In the grand scheme of things, I am not that old (37). Still, I feel I have been spending much time lately pondering phases of life that are over and gone.
My trip to New York last week was steeped in such nostalgia. In my quest to get out of my house a bit more, I agreed to speak at the Behavioral Summit organized by Ideas 42, a non-profit that helps groups incorporate insights from behavioral science into policy and program design. I enjoyed hearing from Daniel Kahneman, Nate Silver, Dan Pink, Eldar Shafir, Angela Duckworth, and so forth. I was on a panel on scarcity. My three fellow panelists talked about their academic research on poverty's effects on the brain and behavior. Then I got up to tell everyone in the room that they have more time than they think. I definitely felt like I was the curve ball thrown in, but people laughed, which was what I intended, and I had people come tell me later that they would take my advice to turn off the phone for 2 hours and stare at the stars if they wanted to feel like time was abundant.
Anyway, the conference was held at a center on Third Avenue between 45th and 46th. I lived for many years at 38th and First, so these were my old stomping grounds. On Friday morning I got up early and ran toward the East River. That was my old route, with a slight detour through the Tudor City area, then out to the East River at 34th Street, and past the heliport, the Water Club, down past the United Nations International School, and then into the park that stretches most of the way toward the Brooklyn Bridge. I saw the track where I did speed work while training for the Big Sur marathon in 2010. I saw the playgrounds where I'd take my two little boys. It seems like ages ago when I was first pushing the stroller around with my now 9-year-old, or the double with him on top and the now 7-year-old on the bottom.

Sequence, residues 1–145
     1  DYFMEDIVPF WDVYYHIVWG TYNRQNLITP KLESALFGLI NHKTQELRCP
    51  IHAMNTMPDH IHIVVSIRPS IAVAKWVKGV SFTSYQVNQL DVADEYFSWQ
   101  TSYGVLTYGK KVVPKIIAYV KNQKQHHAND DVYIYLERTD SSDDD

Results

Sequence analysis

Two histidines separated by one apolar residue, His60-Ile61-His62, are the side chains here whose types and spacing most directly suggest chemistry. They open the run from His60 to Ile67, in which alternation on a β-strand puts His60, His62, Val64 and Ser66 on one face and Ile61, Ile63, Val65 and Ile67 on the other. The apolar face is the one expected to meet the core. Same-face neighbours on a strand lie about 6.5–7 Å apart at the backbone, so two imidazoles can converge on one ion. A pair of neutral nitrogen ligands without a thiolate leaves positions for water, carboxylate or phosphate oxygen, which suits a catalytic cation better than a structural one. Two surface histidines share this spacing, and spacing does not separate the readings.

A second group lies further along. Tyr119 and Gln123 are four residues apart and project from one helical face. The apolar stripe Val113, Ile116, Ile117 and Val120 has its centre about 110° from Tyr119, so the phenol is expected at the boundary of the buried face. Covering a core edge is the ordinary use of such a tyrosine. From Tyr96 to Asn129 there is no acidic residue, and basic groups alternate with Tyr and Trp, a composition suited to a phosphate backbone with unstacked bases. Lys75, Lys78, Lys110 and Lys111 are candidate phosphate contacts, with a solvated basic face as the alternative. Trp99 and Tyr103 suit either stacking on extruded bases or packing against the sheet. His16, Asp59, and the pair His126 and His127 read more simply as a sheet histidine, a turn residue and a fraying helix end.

I was running back toward my hotel as school was starting, so I saw a lot of families out walking toward drop-offs. It made me wonder what life would have been like if we had stayed there. I loved being able to walk out of my building and choose from dozens of restaurants within blocks. I loved the view of the skyscrapers and the sun glinting off the water. The people watching in New York is always fantastic. It is impossible to know the counterfactual of a life. I like many aspects of my existence in the suburbs. Outside the window of my spacious home office the leaves are turning crimson and gold. We spent much time in the backyard on Sunday, watching the children play and taking in our roses and Michaelmas daisies. If we'd stayed in Manhattan, we would have had to move from our already cramped apartment, but suffice to say that no matter where we moved, we would not be living on three-quarters of a woodsy acre. Back when we lived there, we would take weekend trips out of the city for hikes and the like, but we'd always be figuring out traffic back through the tunnels, parking somewhere by our building or returning our rental car, and then hauling our kids and their gear back from the parking garage. New York is fun when you are not encumbered by kids and their stuff. The thought of my toddler on a subway platform gets my heart pounding.
So I am trying to appreciate that I can have some of both worlds now. I like going to the city by myself, and walking around the streets where I used to live. Now that I no longer have a nursing baby, and I have more childcare than in the past, I can stay overnight sometimes and not be dashing to Penn Station. Still, when I saw the morning light on the water sparkling like diamonds, the nostalgia was quite intense. I love the blue flowers in our backyard now, but New York has flowers in those corner shops too. Blue flowers at all hours of the day. They speak of abundance, possibility, a time in my life when much was new. They are always something to behold.